Designing for Disaster?

First, before I get rolling with this week’s blog from the Gardener on Main Street, I would like to offer a rarefied Happy Leap Day to all. Now for the main event: designing a garden for natural disasters.

My mother-in-law shared with me an Associated Press article which was published nationally a few weeks ago, and was picked up by some midwest papers. At first glance, there were a number of interesting points, but then some red flags arose. It is important when reading gardening tips and advice (including this humble blog) to consider the author and the author’s context (location). Most of what the author, and other experts quoted, discussed in this article applies to Florida and west coast states like California who deal with prolonged rain/high wind events (i.e. hurricanes) and wildfires annually.

As a quick aside, I would like to point out that I think of “design” differently perhaps than the standard use of the word in practice. Normally, the design of a landscape describes an early phase in building a garden, which then transitions to a maintenance phase with occasional upgrades down the garden path some day. “Design” in Wellfield/botanic garden terms describes the whole gardening experience and is a systems approach. Design refers to a cyclical process of creation, fostering growth, feedback and redesign, so when you are performing “maintenance” in the garden it is really a series of mini design decisions. You are designing the world around you all the time, thus most “failures” in the garden are design failures.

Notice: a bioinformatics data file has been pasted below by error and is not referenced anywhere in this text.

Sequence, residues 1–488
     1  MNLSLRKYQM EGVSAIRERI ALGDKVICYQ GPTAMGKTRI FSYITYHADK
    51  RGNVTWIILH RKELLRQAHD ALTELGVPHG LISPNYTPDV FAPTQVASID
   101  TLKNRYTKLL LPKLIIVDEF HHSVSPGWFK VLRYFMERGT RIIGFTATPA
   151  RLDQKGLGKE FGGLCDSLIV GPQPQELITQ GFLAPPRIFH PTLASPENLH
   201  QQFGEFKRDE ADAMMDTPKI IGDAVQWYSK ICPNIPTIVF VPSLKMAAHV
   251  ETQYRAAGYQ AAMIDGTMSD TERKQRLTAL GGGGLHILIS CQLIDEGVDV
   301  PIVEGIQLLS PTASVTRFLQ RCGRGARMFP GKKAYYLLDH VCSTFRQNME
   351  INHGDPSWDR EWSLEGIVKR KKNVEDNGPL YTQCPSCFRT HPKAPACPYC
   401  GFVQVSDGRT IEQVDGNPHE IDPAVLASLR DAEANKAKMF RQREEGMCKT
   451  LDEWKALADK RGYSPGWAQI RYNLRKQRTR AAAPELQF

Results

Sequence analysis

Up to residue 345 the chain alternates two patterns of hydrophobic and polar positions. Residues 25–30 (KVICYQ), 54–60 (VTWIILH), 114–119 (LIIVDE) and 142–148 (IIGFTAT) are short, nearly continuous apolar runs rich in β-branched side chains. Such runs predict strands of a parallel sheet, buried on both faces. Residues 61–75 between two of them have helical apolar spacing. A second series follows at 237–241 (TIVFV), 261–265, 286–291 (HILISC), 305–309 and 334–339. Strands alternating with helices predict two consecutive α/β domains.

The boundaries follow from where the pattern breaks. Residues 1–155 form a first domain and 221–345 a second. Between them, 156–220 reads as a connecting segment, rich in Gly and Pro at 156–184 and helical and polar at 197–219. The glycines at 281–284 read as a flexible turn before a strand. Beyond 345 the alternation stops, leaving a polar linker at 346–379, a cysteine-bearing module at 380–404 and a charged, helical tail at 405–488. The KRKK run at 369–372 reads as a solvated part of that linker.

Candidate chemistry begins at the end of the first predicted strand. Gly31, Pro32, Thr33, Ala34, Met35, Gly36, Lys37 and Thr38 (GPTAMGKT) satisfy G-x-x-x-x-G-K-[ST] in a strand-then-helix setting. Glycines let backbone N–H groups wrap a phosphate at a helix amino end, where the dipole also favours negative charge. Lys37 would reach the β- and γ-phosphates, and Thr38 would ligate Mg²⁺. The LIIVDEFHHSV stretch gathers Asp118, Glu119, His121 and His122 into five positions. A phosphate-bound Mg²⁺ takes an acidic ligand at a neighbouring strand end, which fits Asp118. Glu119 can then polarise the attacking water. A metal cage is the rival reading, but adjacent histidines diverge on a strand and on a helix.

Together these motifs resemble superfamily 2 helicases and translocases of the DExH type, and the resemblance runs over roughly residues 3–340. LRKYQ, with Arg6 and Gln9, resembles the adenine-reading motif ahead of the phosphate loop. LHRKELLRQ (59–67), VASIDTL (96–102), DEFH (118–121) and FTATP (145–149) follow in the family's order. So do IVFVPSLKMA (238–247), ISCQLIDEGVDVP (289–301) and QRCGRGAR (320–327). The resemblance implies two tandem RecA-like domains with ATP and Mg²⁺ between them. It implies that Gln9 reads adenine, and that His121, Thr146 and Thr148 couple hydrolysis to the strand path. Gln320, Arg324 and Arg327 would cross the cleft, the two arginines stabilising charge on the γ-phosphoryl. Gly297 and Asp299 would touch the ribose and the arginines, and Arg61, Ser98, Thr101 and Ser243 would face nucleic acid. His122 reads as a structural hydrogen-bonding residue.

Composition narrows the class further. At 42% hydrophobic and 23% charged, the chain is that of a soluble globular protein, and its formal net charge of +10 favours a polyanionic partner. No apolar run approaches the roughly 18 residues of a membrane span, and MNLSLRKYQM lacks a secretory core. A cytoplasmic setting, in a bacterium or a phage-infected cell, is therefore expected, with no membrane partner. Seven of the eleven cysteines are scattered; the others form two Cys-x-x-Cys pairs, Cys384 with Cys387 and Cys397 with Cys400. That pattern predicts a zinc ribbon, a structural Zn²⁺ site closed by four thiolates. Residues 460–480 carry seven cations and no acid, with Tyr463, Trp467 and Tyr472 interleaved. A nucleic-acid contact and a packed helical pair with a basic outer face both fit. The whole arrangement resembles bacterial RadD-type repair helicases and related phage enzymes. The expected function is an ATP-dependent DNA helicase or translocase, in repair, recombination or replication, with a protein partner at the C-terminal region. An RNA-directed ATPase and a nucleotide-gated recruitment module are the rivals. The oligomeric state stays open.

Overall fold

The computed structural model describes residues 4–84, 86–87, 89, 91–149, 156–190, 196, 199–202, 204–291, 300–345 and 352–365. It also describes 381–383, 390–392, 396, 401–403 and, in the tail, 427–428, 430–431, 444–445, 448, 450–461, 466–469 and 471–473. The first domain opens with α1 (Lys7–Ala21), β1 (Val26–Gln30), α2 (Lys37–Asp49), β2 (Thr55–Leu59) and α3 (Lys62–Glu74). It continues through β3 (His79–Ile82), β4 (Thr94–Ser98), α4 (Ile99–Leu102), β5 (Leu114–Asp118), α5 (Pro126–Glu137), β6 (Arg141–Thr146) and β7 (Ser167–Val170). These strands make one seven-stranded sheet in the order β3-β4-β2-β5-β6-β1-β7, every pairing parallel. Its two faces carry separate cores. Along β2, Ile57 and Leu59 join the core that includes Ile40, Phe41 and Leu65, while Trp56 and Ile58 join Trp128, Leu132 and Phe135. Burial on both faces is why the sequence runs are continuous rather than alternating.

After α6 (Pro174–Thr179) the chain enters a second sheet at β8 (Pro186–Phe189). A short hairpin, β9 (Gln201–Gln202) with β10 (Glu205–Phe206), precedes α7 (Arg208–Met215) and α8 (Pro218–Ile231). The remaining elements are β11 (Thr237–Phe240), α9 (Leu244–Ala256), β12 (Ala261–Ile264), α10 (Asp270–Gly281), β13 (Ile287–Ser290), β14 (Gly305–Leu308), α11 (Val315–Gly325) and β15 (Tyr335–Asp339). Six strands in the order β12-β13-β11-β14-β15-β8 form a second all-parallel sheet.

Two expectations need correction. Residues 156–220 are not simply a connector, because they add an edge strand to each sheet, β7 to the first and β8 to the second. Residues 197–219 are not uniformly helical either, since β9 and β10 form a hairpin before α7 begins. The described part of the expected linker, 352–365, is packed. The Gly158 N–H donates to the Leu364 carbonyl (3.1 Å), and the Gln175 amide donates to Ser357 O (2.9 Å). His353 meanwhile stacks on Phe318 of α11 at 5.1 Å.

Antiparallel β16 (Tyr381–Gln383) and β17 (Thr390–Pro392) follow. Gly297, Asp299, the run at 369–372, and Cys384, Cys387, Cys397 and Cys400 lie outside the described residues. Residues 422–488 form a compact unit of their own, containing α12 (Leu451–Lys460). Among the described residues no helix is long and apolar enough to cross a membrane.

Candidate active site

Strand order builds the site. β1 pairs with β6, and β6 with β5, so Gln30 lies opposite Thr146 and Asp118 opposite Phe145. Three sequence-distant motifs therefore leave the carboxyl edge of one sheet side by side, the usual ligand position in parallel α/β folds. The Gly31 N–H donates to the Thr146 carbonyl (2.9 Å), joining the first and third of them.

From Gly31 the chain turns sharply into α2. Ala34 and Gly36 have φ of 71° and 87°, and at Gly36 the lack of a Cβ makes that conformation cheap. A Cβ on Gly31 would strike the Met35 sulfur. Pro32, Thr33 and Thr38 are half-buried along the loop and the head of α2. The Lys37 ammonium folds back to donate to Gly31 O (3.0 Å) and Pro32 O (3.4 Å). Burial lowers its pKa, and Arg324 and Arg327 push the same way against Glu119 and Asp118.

Okay, back to the article. My first “beef” with the article is the subject of the headline: plant selection. I would never “design” a landscape with natural disaster as my primary consideration when selecting plants. I would put greater emphasis on how different elements are arranged/interrelated within the design and how the plants are treated. The care and environment in which the design is installed is as, if not more critical, than plant selection criteria when it comes to resilience. For example, in a great University of Florida report discussing the effects of hurricane events on urban tree canopy survival, I noticed a good portion of the article focused on maintenance and environmental factors affecting trees and shrubs under severe wind/rain stress.